New Zealand

Five reasons why talk of turning ANZAC Day into our national day is not smart

I took my son to an ANZAC Day service today. He's three and it was his first attendance. We talked about soldiers, not wanting to fight, sometimes needing to fight mean people, and bravery. The sun shone like no other ANZAC Day I can remember, and with my grandad's World War I medals in my pocket I thought, this isn't my national day.

Get the latest election information as it becomes available, without having to watch the box

Tonight Scoop allows you to track each electorate as the votes roll in, with their Election Map designed by Keith Ng. Cleverly, you can also compare tonight's results to 2008. Hours of fun to be had.

Happy election night!

 

Margaret Mutu has stirred the pot with comments about restricting white immigration. But the true bite comes in her claim that she can't be racist, a claim that no longer holds water

Immigration has long been dry tinder throughout the western world, easily ignited by fiery words. We've seen it in New Zealand, from the poll tax and Chinese:cargo ratio imposed by government in 1881, through the dawn raids of the 1970s, to Winston Peter's anti-Asian rhetoric of the 1990s. Enter, Professor Margaret Mutu.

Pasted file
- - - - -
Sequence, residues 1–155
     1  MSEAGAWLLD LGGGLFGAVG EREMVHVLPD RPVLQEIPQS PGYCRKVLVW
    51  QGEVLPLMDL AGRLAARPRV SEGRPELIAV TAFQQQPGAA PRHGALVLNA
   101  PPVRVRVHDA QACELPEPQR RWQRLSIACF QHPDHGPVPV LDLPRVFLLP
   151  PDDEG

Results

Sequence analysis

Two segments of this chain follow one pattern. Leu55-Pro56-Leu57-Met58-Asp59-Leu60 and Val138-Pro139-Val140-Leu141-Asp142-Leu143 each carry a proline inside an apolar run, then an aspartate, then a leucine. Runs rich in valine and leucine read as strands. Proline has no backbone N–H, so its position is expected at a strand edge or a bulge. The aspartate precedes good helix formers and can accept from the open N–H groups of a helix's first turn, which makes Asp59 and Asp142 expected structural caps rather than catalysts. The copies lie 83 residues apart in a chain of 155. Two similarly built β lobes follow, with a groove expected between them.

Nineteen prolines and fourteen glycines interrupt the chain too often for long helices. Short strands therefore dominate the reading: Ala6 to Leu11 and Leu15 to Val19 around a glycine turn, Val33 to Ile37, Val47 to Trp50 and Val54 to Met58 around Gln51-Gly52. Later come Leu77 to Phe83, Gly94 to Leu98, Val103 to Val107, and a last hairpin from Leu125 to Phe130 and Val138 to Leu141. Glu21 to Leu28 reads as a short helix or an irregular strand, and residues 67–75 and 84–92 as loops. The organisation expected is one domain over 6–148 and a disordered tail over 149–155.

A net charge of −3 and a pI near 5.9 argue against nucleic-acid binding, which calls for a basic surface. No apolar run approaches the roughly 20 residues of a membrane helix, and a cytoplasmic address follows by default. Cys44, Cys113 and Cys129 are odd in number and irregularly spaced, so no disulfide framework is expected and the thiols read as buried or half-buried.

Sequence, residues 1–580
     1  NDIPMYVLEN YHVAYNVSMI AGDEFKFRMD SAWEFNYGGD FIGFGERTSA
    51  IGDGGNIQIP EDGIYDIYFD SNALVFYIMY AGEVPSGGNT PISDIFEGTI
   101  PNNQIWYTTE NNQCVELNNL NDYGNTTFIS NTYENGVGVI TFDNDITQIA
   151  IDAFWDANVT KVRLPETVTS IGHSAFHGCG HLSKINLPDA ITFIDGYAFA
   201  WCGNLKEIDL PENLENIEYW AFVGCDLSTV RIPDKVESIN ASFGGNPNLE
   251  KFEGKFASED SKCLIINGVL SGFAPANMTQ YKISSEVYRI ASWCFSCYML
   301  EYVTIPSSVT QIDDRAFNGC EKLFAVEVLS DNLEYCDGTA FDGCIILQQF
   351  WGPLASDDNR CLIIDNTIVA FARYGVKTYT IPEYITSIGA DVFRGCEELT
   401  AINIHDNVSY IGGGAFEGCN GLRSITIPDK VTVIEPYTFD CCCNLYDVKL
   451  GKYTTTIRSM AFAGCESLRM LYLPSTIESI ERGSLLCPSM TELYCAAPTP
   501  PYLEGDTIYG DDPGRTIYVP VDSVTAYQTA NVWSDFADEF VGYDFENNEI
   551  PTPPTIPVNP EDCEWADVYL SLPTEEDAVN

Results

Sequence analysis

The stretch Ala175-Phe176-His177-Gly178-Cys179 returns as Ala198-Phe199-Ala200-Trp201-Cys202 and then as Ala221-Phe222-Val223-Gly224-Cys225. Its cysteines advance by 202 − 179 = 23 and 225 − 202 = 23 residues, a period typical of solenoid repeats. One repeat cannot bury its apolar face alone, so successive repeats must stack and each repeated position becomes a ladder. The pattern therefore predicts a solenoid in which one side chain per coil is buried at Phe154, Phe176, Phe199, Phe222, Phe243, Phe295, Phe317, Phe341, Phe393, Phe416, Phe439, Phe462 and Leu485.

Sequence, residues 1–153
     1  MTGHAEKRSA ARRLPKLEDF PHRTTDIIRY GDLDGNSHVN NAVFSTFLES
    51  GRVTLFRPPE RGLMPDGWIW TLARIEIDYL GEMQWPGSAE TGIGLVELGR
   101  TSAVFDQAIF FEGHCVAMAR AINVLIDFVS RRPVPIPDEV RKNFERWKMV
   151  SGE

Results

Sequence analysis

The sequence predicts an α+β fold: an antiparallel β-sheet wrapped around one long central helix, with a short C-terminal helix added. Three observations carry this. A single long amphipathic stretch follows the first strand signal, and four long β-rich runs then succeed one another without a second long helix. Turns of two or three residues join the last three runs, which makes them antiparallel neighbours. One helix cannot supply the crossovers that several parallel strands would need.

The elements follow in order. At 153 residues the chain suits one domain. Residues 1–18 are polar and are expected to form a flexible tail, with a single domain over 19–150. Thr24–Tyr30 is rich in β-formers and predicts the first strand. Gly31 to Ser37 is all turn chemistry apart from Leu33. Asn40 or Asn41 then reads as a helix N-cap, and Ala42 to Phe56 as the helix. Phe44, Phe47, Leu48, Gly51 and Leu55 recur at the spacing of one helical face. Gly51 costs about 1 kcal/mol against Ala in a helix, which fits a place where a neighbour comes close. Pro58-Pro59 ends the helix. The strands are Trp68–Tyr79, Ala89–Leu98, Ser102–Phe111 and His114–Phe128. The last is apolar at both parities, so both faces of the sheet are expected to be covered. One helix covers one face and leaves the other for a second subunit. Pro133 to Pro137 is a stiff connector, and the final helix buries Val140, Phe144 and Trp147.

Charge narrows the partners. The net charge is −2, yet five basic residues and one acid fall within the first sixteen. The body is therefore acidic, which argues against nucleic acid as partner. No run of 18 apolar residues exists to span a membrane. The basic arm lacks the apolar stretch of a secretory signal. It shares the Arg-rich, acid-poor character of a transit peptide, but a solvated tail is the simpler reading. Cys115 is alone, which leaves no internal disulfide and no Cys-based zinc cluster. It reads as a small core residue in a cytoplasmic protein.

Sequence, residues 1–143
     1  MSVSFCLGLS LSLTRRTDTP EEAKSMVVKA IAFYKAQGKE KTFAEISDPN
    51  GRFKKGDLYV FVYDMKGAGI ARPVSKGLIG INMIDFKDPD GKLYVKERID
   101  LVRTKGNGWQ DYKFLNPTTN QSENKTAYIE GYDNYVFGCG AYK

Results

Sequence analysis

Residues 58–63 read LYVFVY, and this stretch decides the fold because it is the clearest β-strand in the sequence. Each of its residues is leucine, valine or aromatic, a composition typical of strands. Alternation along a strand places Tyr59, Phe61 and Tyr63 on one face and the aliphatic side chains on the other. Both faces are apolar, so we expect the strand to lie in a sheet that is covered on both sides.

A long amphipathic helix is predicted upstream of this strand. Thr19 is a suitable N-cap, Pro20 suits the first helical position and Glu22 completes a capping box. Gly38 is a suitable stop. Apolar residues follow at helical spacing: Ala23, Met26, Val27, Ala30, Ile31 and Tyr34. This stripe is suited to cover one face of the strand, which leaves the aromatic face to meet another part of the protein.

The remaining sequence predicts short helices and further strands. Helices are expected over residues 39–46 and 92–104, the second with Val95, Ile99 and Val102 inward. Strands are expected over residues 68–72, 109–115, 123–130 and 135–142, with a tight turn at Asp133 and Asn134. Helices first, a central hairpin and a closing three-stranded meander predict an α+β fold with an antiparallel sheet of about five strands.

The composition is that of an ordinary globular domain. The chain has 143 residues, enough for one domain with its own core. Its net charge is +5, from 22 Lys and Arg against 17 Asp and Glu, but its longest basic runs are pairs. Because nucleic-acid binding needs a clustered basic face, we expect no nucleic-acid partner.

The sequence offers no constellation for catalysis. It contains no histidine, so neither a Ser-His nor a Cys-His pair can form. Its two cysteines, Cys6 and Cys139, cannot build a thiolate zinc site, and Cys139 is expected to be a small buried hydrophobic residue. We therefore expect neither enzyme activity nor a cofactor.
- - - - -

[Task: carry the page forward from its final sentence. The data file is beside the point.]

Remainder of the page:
As we approach Waitangi Day, it's worth considering that New Zealanders are not (contrary to popular belief) uniquely plagued by self-doubt

As an Australian migrant to New Zealand, one thing that still surprises me is the commonly-held belief here that Australians have a self-confident sense of nationhood, while Kiwis are full of angst and self-doubt.

David Young is happier even than Sue Bradford and Deborah Coddington were to leave parliament. More satisfied than Nicky Hager was when Don Brash stepped down. He is chirpier even than… Tim Watkin.

I left my job at TVNZ eighteen months ago to move to Denmark. It was not such a culture shock: just like New Zealand’s state broadcaster these days, Denmark is mainly occupied by beautiful blondes.